What Do I Need To Know About Epilepsy?

At this point you may have learned that you or someone in your family has epilepsy. Your healthcare provider may have already talked to you about this condition or will speak to you soon.

What is epilepsy, and what causes it?

Epilepsy is a chronic condition defined as having two or more seizures, which occur or reoccur on their own, more than 24 hours apart. It can develop in any person at any age.

Epilepsy can stem from different causes. Some people have epilepsy because of an accident that deprived their brain of oxygen, or an injury that caused bleeding in their brain. Other people have epilepsy because of a difference in their brain structure. Others have epilepsy because of a change in a gene. In fact, recent research has shown that changes in genes contribute to the cause of most epilepsies.

An artist depiction of the human body's nervous system

Your healthcare provider can talk to you more about the likely cause of epilepsy for you or your family member(s). There may be medical tests that would be helpful when trying to uncover a cause of epilepsy, such as blood and urine tests, electrical tests (like an EEG), and/or imaging tests (like an MRI). Genetic testing may be helpful as well for certain people. Even with genetic testing and other medical tests, about half of people with epilepsy do not know its cause.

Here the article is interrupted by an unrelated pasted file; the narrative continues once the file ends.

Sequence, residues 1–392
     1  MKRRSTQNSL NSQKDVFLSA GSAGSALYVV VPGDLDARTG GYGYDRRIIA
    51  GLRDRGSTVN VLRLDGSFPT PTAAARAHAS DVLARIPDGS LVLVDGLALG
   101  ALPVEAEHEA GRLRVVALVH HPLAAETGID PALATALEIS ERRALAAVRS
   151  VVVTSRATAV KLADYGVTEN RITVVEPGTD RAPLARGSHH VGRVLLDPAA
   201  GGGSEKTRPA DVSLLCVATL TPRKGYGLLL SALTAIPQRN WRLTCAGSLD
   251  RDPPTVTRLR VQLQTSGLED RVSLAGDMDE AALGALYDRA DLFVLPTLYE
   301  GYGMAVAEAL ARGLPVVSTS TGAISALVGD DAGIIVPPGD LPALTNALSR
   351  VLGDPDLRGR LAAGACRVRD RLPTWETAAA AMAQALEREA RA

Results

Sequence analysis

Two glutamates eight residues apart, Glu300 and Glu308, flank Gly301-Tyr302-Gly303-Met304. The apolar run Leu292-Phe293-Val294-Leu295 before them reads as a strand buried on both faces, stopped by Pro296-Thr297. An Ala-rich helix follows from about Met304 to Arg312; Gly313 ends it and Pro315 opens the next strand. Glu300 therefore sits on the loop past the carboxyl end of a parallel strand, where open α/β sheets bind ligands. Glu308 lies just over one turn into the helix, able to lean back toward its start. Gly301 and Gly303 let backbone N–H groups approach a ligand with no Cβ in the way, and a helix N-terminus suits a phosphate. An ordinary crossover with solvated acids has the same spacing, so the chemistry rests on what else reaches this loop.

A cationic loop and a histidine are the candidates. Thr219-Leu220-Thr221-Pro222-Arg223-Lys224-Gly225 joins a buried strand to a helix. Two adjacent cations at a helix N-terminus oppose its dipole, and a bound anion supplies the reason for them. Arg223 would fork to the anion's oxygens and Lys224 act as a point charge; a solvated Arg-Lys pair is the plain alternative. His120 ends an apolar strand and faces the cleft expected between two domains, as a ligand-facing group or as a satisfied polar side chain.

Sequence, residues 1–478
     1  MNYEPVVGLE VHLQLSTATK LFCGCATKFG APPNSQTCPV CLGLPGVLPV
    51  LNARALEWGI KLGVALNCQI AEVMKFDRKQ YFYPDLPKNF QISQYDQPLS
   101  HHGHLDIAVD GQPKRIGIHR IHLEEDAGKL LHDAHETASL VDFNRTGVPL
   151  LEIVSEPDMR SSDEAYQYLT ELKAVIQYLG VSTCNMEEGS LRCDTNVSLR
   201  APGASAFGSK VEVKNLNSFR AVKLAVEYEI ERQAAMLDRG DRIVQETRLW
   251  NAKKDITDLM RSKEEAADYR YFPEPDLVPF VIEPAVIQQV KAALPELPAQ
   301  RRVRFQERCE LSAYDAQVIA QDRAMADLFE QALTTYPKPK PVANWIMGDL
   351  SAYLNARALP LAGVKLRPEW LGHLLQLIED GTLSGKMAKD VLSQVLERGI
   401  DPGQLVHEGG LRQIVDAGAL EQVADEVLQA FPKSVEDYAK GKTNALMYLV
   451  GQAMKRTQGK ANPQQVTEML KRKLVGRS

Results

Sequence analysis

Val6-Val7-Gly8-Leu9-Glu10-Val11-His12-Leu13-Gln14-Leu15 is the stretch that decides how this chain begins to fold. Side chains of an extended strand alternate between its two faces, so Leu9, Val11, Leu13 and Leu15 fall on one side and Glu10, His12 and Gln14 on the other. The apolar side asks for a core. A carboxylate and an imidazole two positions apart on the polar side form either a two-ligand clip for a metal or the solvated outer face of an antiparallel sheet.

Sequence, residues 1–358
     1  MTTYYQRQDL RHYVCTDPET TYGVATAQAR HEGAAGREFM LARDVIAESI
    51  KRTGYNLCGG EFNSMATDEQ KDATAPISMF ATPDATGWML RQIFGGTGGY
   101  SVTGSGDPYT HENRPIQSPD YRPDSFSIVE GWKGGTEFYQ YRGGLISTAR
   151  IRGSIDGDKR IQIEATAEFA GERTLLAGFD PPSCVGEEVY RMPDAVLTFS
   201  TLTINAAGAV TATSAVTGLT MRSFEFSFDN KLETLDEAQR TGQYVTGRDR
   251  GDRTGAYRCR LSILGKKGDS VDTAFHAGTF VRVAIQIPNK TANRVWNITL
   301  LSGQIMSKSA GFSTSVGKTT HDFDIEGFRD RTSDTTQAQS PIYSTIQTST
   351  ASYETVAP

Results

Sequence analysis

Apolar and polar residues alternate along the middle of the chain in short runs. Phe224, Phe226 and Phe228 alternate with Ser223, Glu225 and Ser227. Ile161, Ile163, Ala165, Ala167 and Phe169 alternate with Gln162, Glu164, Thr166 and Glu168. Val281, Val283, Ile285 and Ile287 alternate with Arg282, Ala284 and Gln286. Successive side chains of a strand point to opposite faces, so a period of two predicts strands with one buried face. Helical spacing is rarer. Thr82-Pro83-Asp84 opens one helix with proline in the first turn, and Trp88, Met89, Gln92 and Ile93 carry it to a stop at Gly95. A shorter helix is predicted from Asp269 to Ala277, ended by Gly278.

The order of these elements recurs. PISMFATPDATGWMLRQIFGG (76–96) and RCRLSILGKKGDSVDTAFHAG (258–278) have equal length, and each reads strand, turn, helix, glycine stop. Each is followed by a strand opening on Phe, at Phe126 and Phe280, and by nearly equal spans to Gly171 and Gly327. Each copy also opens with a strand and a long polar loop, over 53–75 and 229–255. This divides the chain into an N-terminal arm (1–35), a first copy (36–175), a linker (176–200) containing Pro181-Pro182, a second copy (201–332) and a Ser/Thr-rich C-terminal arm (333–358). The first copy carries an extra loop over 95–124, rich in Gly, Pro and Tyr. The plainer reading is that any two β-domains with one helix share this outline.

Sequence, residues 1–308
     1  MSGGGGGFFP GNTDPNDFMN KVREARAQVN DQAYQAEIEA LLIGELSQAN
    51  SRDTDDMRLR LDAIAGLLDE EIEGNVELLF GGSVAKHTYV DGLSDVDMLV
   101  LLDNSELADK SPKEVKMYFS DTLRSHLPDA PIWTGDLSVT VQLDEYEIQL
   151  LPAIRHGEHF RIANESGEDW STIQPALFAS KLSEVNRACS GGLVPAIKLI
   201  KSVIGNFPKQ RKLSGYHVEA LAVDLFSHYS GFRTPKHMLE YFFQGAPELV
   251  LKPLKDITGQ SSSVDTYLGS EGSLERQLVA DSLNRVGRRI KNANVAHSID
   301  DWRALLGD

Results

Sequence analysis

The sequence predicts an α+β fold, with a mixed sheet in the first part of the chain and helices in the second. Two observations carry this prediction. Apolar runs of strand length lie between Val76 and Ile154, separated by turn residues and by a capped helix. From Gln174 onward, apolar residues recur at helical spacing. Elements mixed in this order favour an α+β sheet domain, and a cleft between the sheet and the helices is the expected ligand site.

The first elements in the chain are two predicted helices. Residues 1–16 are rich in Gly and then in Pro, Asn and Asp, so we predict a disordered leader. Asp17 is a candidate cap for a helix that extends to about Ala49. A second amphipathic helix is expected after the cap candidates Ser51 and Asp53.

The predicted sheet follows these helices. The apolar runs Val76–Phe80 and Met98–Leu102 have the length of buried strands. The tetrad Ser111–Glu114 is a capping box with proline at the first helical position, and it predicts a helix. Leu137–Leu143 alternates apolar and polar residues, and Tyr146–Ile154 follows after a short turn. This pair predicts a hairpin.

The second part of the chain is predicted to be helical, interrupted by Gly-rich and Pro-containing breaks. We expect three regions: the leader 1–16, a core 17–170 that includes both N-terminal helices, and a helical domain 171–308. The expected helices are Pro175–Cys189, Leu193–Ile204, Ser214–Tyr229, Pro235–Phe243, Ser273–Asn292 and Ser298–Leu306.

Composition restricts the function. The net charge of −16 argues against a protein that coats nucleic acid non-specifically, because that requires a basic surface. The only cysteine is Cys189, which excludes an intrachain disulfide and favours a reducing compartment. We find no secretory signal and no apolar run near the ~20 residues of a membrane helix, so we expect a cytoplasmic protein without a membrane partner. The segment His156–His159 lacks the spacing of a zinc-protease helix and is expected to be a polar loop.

It is important to determine the cause of epilepsy because depending on the cause, different treatments may be necessary. For instance, certain gene changes can determine the type of medication your health care provider prescribes for you.